In 1983 I saw Margaret Hamilton for the last time.  The Academy of Motion Picture Arts & Sciences sponsored the last great Convocation of Oz Alumni, hosted by the MGM Oz historian Aljean Harmetz.  From Ray Bolger to producer Mervyn LeRoy to the last of the Munchkins, each veteran's entrance sent the huge audience into hysteria.  But nothing could match the fifteen minutes of pandemonium when the Wicked Witch of the West walked down the aisle to the podium.
Recovering from a stroke, Ms. Hamilton barely moved a muscle while she spoke – and neither did anyone else.  In a tiny but ever-recognizable voice, she delivered thirty of the funniest, most devastating minutes anyone present is likely to experience.
How curious, I thought, that the villainess of Oz should be the longest-lived, the most humorous, the most wise, the most philosophical, the most humanistic, and the most articulate in holding an audience in her thrall; and that she should generously dispense warm, practical advice to the young people in her presence, much as she had done for an adolescent Judy Garland backstage on the Oz set thirty-five years before.
I had spent the afternoon in Mel Brooks' office at Fox, helping a friend who was auditioning his song for an upcoming movie.  I secretly fumed, like a true showbiz pal, that I hadn't magically attracted the assignment myself – having written not a note or a word in years.  Late that night, in the dreary Hollywood motel where Janis Joplin died, the dam broke –I feverishly wrote the song I would have written if I were a functioning writer.  They wanted a double-entendre song for a Twenties moll in a men's bar; but was I a clever enough wizard to manage it?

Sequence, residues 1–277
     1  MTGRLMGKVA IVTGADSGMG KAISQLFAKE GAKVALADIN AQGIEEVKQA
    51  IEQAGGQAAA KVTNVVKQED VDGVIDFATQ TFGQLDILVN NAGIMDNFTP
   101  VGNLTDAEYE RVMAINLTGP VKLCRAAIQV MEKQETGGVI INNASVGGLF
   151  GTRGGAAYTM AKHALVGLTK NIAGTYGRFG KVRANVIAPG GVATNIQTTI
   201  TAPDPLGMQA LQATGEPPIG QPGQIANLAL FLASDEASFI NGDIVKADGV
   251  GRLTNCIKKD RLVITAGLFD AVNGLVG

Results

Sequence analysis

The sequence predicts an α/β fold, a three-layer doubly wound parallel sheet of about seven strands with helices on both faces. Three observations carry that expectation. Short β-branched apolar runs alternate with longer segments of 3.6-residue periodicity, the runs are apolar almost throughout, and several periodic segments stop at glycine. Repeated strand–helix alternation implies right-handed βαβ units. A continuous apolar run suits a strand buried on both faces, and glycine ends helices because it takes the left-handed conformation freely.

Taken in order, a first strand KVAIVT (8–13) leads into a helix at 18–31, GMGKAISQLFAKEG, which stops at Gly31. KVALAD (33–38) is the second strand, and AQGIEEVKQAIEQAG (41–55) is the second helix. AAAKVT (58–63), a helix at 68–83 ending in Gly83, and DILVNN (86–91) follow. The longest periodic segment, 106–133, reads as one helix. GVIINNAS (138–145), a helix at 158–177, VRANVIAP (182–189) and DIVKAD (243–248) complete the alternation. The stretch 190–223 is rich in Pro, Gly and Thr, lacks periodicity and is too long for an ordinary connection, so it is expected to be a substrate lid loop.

Next morning, I found a mysterious manuscript on my desk, with the words "Pour Me A Man" scrawled in mid-page, in handwriting closely resembling mine (Janis, is that you? Couldn't have been – not her type of thing).  Similar feverish episodes followed as I moved back to New York, and within two weeks I had a sheaf of new songs.

A Star Is Born had just been
re-released with restored footage;
I did take-offs on their publicity.
A friend, a gender-illusionist par excellence, asked for "Pour Me A Man" to sing at a La Cage Aux Folles party.  What an unexpected pleasure:  lightbulbs – lightning bolts!  A man singing "Pour Me A Man?"  La Cage Aux Folles?  The Wicked Witch outlives the kid – shatters her own stereotype –
and dispenses passionate advice to the disenfranchised?  Alone in a Hollywood motel, ignored by the studio moguls?  In a flash I realized that every song I had just written was in fact a gender metaphor, a snapshot of a state of mind, and that the performance metaphor had been with me all along, biding her time.  I'd always had the power to go back to Kansas.  My old Gulch dress and hat came flying out of the lightly-packed box faster than you can say "menace to the community."  Miss Gulch Lives! opened at Palsson's Supper Club in November 1983.
In 1985, I changed the title, and posters for Miss Gulch Returns! went up all over town – hours before the N. Y. Times reported Margaret Hamilton's death.  What a world, what a world!  She had heard about the show from friends, and reportedly chuckled over the printed program – and it only took fifteen years between those two Oz obituaries for this ten-year-old to rediscover the three-dimensional message hidden behind our two-dimensional sepia-toned friends.  But maybe I never really lost it to begin with.
– Fred Barton, 
November 1999